Screening and selection of novel animal probiotics isolated from bovine chyme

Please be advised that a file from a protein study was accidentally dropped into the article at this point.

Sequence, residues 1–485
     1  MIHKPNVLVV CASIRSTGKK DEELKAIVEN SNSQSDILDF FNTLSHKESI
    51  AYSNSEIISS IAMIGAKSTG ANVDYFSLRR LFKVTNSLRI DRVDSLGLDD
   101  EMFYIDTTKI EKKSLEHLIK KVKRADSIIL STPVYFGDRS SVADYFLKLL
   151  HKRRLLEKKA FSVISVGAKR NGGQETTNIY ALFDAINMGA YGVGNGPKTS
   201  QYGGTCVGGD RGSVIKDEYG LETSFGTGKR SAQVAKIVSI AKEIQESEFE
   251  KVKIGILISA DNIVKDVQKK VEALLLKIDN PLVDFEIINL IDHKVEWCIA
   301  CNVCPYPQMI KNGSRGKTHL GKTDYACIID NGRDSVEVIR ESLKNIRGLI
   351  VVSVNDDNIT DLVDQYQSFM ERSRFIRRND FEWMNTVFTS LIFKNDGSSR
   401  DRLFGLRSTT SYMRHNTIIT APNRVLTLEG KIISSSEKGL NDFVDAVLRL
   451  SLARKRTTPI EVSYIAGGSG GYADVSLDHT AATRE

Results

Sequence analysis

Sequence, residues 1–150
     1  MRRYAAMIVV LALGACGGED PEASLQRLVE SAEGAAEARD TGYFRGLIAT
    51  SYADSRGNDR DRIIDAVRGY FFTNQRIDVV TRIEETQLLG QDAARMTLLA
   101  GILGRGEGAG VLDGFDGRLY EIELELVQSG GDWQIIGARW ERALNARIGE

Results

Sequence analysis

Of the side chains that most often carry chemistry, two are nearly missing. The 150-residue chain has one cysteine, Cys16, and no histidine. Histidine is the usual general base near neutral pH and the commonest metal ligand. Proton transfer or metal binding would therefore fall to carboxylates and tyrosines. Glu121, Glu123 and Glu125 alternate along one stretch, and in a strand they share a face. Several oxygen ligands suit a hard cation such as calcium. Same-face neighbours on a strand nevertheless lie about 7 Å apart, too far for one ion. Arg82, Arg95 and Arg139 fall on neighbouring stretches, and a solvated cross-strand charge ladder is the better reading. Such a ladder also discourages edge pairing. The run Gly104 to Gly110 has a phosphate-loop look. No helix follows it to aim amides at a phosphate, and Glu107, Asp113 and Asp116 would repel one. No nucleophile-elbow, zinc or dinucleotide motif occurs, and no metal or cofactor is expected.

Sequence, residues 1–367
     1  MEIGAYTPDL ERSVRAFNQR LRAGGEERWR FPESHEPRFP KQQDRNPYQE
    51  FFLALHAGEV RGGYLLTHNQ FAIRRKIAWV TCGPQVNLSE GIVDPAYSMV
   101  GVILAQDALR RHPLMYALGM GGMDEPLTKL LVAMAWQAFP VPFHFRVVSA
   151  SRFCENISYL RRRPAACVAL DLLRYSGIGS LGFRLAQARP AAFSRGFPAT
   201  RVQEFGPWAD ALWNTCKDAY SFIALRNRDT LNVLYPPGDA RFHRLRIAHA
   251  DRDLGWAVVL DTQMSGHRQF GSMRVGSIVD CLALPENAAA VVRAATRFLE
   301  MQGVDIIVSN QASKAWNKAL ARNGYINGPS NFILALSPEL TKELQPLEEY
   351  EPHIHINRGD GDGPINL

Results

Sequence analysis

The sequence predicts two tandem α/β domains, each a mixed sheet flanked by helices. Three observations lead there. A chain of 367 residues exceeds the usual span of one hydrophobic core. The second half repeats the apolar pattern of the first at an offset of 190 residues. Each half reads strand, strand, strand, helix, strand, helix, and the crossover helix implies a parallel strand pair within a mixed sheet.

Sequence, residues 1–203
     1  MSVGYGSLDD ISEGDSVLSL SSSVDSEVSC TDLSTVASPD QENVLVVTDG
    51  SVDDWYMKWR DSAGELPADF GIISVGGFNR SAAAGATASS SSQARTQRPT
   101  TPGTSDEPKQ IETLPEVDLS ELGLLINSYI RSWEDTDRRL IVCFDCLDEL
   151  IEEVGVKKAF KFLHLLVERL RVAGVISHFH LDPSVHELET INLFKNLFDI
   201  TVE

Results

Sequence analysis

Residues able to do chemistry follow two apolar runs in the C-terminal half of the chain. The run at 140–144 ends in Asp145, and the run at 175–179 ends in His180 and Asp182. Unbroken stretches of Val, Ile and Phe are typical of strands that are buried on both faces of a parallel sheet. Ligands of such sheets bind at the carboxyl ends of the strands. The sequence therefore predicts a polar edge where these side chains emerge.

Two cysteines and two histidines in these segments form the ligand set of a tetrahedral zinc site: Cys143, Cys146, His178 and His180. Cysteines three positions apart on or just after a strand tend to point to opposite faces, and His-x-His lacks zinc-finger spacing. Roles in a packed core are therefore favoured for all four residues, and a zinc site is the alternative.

Probiotics, gut-colonizing microorganisms capable of conferring a number of health benefits to their hosts, are highly desirable as animal feed supplements. Members of the Gram-positive genus Bacillus are often utilized as probiotics, since endospores formed by those bacteria render them highly resistant to environmental extremes and therefore capable of surviving gastrointestinal tract conditions. In this study, 84 distinct bacterial colonies were obtained from bovine chyme and 29 isolates were determined as Bacillus species. These isolates were principally screened for their antimicrobial activity against a group of two Gram-positive and fourGram-negative bacteria, including known human and animal pathogens such as Salmonella enterica, Klebsiella pneumoniae, Pseudomonas aeruginosa, and Staphylococcus aureus. Seven strains displaying strong antimicrobial activity against the test cohort were further evaluated for other properties desirable from animal probiotics, including high spore-forming capacity and adhesiveness, resistance to pH extremes and ability to form biofilms. The isolates were found to resist simulated gastrointestinal conditions and most of the antibiotics tested. In addition, plasmid presence was checked and cytotoxicity tests were performed to evaluate the potential risks of antibiotic resistance transfer and unintended pathogenic effects on host, respectively. We propose that the bacterial isolates are suitable for use as animal probiotics. © Springer-Verlag Berlin Heidelberg and the University of Milan 2012.